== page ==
The treatment of pericarditis begins with identification of its etiology (that is, its cause). The usual case of pericarditis caused by a viral infection is treated with pain killers and medications designed to reduce inflammation, such as aspirin, ibuprofen, or indomethacin. Other medications and in some cases steroids may be required.

If you suspect pericarditis, it is extremely important to be seen by a health professional to have the diagnosis confirmed. Sometimes a heart attack may feel similar to pericarditis, and in such a case, any delay in therapy can have profound consequences. Pericarditis caused by other previously mentioned factors may require a different approach. For example, bacterial infection is treated with antibiotics and surgical drainage.

What are some of the complications of pericarditis?

The most common complication of pericarditis is tamponade, an excessive accumulation of fluid between the 2 layers of the pericardium, leading to compression and impaired function of the pumping heart chamber. It can be life threatening and requires immediate attention. The treatment in this case is pericardiocentesis, which involves drainage of the pericardial fluid with a needle. Surgical drainage may be required in cases where needle aspiration is ineffective.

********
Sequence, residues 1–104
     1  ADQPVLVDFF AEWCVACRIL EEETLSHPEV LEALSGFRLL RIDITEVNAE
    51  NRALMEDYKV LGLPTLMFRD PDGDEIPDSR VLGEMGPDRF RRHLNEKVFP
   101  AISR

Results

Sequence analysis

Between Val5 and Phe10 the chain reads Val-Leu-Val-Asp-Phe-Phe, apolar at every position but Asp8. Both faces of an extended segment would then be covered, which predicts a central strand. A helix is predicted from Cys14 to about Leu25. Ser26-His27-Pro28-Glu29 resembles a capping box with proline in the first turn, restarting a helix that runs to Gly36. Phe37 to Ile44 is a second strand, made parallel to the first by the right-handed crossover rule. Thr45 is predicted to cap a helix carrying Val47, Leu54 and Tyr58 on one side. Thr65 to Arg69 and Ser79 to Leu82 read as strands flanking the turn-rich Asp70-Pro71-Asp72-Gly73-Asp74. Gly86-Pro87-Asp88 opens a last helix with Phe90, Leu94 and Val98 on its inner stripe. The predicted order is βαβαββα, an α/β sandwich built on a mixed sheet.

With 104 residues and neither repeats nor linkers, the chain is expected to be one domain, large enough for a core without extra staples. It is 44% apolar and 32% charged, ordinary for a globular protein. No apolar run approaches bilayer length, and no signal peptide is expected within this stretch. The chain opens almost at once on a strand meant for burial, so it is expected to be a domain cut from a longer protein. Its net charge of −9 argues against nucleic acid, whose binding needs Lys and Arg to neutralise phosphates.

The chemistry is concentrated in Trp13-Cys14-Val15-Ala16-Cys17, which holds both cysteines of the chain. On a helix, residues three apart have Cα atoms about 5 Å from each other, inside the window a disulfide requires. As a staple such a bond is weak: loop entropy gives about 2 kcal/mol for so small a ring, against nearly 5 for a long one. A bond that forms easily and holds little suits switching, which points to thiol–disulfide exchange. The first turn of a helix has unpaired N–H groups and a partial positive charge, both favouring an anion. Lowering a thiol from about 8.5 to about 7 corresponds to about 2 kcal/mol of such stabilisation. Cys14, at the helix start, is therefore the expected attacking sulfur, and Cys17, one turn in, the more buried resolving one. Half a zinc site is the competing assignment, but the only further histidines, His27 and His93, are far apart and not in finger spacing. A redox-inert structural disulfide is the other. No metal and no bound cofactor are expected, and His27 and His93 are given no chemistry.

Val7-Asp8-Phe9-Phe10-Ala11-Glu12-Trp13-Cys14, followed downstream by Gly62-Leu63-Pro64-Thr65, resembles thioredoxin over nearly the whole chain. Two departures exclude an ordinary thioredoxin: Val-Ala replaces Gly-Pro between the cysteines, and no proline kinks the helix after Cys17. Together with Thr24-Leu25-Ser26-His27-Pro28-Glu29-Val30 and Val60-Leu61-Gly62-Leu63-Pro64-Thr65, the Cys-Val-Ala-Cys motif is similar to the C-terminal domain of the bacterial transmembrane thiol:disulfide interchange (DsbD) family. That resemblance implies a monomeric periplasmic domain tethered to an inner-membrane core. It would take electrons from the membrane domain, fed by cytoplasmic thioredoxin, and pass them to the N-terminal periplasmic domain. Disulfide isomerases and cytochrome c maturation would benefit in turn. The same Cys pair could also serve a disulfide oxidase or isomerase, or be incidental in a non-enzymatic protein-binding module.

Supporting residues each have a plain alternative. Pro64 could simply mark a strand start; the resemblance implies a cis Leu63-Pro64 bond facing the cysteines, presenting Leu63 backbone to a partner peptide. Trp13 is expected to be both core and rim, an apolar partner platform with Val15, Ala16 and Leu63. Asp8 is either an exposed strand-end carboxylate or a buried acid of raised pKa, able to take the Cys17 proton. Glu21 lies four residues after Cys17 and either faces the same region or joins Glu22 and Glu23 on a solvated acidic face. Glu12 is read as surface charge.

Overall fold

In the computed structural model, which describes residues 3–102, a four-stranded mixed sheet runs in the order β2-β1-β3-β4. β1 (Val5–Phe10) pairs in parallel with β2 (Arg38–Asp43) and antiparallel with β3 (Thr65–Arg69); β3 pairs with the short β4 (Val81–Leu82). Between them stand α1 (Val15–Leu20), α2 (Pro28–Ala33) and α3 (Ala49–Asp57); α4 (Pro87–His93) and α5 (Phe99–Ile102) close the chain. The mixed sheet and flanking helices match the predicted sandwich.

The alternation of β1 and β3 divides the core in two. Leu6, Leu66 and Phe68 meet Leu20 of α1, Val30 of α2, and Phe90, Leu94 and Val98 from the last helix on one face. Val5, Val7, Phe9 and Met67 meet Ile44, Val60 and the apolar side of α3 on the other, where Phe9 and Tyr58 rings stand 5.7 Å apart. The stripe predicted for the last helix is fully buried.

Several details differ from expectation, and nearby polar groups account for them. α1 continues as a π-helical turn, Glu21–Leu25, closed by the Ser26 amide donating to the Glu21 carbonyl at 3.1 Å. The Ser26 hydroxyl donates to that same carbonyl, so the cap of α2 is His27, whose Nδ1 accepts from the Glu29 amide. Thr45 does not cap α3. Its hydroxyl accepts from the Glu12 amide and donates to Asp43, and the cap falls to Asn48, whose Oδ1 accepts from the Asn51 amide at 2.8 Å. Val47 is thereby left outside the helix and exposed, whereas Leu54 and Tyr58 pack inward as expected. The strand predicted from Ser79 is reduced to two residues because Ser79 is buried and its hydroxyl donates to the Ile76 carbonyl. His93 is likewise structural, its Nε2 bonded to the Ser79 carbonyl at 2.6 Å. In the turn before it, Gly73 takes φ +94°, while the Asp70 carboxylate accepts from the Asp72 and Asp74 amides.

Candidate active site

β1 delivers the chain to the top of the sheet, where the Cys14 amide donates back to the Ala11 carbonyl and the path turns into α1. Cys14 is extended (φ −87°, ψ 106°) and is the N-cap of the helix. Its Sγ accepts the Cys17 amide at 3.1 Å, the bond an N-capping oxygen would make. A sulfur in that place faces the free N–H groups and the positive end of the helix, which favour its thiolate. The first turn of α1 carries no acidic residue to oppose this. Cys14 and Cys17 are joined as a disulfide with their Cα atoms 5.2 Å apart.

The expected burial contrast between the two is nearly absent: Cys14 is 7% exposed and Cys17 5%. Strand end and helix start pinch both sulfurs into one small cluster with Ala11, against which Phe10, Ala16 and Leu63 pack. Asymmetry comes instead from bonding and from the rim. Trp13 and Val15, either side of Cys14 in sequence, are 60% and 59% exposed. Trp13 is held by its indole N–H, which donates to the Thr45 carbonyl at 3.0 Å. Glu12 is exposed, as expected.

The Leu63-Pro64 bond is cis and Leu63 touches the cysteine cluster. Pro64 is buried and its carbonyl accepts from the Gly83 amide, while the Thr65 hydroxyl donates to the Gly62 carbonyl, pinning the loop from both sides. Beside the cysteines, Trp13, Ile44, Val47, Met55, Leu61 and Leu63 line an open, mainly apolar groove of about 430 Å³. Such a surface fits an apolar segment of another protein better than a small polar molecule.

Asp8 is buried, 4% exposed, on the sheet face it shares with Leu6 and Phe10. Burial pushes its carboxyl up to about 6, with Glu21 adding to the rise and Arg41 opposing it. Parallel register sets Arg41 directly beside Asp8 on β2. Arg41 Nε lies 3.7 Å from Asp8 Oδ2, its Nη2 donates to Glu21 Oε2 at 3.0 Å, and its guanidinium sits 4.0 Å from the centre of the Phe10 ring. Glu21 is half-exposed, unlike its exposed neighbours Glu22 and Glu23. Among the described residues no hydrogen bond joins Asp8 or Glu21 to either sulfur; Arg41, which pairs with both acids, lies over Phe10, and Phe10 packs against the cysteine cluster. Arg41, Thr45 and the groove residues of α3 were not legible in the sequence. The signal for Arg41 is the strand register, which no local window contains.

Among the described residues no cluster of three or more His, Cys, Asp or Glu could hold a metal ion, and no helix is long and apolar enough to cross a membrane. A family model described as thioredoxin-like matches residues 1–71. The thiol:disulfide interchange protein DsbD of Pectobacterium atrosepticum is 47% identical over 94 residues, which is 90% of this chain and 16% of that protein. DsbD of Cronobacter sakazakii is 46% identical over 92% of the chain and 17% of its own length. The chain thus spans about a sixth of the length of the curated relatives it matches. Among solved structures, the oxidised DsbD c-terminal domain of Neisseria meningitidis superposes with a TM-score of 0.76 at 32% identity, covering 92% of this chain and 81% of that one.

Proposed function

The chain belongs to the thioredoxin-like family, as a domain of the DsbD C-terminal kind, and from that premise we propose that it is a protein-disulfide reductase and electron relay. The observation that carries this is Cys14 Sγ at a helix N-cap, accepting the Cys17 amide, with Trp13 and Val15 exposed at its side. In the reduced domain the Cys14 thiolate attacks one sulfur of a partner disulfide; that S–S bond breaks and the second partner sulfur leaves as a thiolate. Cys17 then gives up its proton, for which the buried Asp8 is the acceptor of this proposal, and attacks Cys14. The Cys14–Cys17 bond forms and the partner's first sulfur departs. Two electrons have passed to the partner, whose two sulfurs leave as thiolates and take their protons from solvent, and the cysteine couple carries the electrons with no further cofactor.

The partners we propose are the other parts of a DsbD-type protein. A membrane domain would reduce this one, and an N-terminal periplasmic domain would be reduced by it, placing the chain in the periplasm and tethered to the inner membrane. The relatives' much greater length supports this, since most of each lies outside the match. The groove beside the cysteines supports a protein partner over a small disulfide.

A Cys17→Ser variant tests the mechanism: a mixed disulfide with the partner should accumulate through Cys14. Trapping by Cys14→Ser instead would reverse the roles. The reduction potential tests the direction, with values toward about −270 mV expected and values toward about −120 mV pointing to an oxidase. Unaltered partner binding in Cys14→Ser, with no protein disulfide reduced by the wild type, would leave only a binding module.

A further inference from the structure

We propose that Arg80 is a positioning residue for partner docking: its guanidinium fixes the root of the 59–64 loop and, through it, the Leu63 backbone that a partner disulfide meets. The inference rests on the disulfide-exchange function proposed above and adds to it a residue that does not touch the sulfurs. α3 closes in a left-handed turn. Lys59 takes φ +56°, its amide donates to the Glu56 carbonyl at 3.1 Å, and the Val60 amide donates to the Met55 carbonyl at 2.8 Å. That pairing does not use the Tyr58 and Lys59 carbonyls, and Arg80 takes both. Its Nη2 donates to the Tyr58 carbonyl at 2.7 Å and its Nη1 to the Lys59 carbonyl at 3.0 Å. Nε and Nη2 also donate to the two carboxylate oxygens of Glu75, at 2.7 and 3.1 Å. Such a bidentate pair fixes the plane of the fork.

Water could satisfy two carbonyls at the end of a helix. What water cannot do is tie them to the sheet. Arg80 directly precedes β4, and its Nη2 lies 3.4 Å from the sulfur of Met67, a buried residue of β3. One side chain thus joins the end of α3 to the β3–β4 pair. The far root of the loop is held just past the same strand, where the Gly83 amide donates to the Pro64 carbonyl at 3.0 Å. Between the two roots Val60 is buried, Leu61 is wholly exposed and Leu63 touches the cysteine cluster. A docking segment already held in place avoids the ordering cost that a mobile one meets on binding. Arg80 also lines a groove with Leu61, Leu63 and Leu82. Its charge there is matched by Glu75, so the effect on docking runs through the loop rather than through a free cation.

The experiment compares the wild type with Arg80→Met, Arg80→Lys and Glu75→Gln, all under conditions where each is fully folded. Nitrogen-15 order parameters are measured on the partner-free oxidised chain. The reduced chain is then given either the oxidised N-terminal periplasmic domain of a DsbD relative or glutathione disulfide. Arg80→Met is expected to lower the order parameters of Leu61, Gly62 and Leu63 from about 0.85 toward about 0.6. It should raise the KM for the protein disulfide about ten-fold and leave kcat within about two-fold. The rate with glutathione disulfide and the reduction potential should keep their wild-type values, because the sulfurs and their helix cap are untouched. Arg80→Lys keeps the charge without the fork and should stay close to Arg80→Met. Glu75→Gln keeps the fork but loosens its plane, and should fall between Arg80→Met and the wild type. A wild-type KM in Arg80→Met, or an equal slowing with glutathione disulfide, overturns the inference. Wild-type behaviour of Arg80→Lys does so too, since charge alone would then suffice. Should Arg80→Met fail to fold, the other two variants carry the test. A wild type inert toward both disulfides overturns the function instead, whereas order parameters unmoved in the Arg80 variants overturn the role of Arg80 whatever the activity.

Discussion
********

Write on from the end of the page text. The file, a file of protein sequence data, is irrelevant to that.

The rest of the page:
How is pericardiocentesis performed?

Pericardiocentesis, or pericardial tap, is frequently performed in the patient's room at the bedside or in a specialized procedure room called the cardiac catheterization laboratory. The area below the breastbone is cleaned with an antiseptic solution, and a local anesthetic agent is administered. Intravenous sedation is often given to improve the patient's cooperation. A needle is then introduced just below the breastbone under the guidance of an ECG or an echocardiogram utilizing sound waves to visualize the heart structures. Once the needle is within the pericardial space, a guide wire is placed through the needle, and the needle is then exchanged for a plastic catheter. This catheter is then connected to a container that will collect the fluid.

The catheter is often left within the pericardium for several hours and sometimes even a few days. The needle passage into the pericardium may provoke a feeling of pressure. Less frequently, the patient experiences transient pain, which may require additional pain medication.

Complications of this procedure may include bleeding, penetrating trauma to 1 of the heart chambers, irregular heart rhythm, puncture of the surrounding organs, and infection. Fortunately, these complications rarely occur. However, when present, they may require surgical correction.